Objet insolite N°9

The unusual objects No. 9

Bon Air Garden City and the rise of socialism in Belgium

While the Beguinage is being reorganised, Erasmus House is putting an unusual objects from the municipal museums’ vast historical, archaeological, folk art and religious collections on display each month. This month the museum is exhibiting the presentation trowel of Bon Air Garden City, which will soon be celebrating the centennial of its founding. This housing estate recently underwent renovations designed to restore its original style.

Ceremonial trowel used by King Albert I to lay the first stone of Bon Air Garden City and etched with the inscription: “Cette truelle a servi le 15 avril 1923 à Sa Majesté Albert 1er pour la pose de la première pierre de la Cité-jardin “Bon Air” construite par le Foyer Anderlechtois”. (“This trowel was used by His Majesty Albert I on 15 April 1923 to lay the first stone of ‘Bon Air’ Garden City built by [the housing society] Foyer Anderlechtois”)

Wood, wrought iron
35 x 15,5 x 15 cm
Inv. BEG 5429

Anderlecht boasts three garden cities built on its territory between the wars, namely, Moortebeek, La Roue and Bon Air. They were designed to meet the expectations of the hygienist movement that was initiated by doctors and chemists who were working on methods to protect and improve public health at the time. The common aim of these developments, according to the Belgian post-war reconstruction theoretician Louis Van der Swaelen, was “to house all men in a way that was worthy of human beings”. This month Erasmus House Museum presents the trowel that was used to lay the first stone of the Bon Air housing estate.

The history of garden cities

The early 19th century was a period of industrial growth that generated a huge influx of people seeking work in town. The manufacturers of the time built workers’ quarters in order to house their workforces less expensively. The best workers were rewarded by being given larger, better ventilated houses, whilst the others had to make do with lodgings that were overcrowded and not fit for habitation. These blue-collar quarters, which were built on the towns’ outskirts, triggered worry in the ruling class. The most affluent feared that epidemics would spring up in these neighbourhoods and social uprisings would follow. Working class poverty was also a matter of concern, for it spawned begging and crime. A survey of Brussels housing conducted by the journalist Édouard Ducpétiaux in 1838 revealed the unhealthy conditions that reigned at the time, inciting the country’s leaders to adopt various laws to correct them. Some of them, such as the Belgian politician Hector Denis, tried to create decentralised companies that would enable the public authorities to work in the building sector without depending on private capital. However, not until war and the destruction of countless homes that it brought would new, better equipped neighbourhoods emerge.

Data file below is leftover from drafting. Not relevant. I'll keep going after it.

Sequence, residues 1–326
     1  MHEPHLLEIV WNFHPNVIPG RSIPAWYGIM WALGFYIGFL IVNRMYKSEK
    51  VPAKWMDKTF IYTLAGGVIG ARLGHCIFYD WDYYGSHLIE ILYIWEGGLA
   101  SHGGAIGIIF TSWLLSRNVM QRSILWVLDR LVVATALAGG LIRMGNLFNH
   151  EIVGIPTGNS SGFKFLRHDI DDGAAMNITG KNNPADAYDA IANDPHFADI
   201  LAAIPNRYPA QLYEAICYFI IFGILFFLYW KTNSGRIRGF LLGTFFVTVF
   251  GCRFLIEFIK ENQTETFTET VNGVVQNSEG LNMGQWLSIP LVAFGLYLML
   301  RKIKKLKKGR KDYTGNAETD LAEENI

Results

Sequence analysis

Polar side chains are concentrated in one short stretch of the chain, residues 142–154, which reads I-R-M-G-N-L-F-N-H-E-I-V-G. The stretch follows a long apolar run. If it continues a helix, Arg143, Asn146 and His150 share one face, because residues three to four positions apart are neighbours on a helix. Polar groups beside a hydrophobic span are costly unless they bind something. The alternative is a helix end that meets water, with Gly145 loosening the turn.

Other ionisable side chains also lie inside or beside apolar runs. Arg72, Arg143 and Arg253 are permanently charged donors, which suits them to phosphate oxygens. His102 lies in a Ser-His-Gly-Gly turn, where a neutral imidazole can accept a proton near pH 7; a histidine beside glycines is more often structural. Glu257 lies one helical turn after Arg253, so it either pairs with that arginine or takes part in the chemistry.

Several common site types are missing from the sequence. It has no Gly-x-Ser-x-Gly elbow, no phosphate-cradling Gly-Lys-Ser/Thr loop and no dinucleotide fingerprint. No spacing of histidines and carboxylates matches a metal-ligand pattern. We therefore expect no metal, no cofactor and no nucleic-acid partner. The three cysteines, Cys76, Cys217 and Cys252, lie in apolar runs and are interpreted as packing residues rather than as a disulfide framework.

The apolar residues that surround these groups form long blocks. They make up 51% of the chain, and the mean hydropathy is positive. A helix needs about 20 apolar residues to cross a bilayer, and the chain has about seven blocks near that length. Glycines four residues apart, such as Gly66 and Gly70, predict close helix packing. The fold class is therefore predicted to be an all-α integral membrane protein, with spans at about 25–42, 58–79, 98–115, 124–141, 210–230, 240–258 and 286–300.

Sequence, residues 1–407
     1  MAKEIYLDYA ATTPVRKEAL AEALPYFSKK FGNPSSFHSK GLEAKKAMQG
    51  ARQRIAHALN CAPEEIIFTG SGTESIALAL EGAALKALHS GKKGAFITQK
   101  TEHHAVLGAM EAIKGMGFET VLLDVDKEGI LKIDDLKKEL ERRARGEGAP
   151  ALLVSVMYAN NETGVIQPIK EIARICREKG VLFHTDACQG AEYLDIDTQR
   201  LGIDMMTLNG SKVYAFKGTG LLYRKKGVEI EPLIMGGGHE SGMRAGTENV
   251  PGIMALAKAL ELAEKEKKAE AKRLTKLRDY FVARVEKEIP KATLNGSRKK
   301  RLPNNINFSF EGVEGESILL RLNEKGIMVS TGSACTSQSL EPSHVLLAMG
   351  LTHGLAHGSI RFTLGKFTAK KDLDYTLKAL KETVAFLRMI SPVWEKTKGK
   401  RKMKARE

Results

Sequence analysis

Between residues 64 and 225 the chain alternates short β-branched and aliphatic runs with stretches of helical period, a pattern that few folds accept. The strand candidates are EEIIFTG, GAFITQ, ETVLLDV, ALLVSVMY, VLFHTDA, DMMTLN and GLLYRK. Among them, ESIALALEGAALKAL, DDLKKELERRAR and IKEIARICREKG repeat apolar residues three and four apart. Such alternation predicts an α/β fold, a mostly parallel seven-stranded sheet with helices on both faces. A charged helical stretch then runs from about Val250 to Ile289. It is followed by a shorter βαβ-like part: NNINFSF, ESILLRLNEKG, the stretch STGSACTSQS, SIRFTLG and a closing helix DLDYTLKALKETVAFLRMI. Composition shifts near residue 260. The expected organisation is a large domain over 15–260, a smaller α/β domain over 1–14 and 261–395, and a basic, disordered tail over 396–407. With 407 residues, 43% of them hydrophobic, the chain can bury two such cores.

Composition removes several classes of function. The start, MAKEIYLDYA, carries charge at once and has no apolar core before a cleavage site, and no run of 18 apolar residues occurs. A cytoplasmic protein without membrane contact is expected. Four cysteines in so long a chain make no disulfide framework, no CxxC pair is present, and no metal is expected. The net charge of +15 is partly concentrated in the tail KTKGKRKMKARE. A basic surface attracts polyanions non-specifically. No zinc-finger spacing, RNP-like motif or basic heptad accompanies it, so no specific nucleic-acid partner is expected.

The blueprints for Bon Air, like those for other garden cities, were drawn in the wake of World War I, although the concept of these “green” housing estates was proposed by Belgian members of the social hygiene movement as a solution for worker housing as of 1880.

The Bon Air Garden City ceremonial trowel

A ceremonial trowel (the silver or presentation trowels of UK history) is a relatively rare object. The Belgian heritage inventories drawn up by the Royal Institute of Artistic Heritage (IRPA) identify only a dozen of them in Belgium dating from 1600 to 1950. These trowels were used only once, that is, to build an administrative building such as the Town Hall of Saint-Gilles, the Congress Column, or the Brussels Royal Warehouse. The secular States borrowed this celebration from the Catholic Church, which consecrates the laying of the first stone of an edifice in a special ceremony.

This housing estate was christened “Bon Air” (Good Air) because it exuded health and cleanliness. In the same vein, the streets that bordered it were called Hygiene Street, Healthiness Street, and even Fertility Street, and surrounded by a green belt. This estate was built to house the residents of Brussels’s blue-collar neighbourhoods, which were barely fit for habitation, and the Marolles in the run-up to major town-planning works of Haussmannian inspiration. The single-family houses all had small front gardens and the estate was built in three phases spread out between 1930 and 1953.
The dwellings belong to the municipal social housing society Foyer Anderlechtois, which also owns La Roue. The latter looks more like a blue-collar development, whereas Bon Air is more the incarnation of a middle-class garden city. The project architect was Hermann Voets, brother of the sculptor Victor Voets, who also worked on the plans for La Roue. That explains the similarities between the two neighbourhoods. On 15 April 1923, King Albert I laid the first cornerstone of Bon Air Garden City using the trowel displayed here and which bears the following text:

« Cette truelle a servi le 15 avril 1923 à Sa Majesté Albert Ier pour la pose de la première pierre de la Cité-jardin “Bon Air” construite par le Foyer Anderlechtois »
[“This trowel was used by His Majesty Albert I on 15 April 1923 to lay the first stone of ‘Bon Air’ Garden City built by [the housing society] Foyer Anderlechtois”]
This presentation trowel is more than a simple honorific object; it symbolises the rebirth of a war-ravaged country in which social actions were being taken to improve the Belgians’ well-being.

Read the full brochure about the Bon Air Garden City ceremonial trowel  
Practical information about your visit
Research and text

Meggy Chaidron


Zahava Seewald
Céline Bultreys
Anne Deckers


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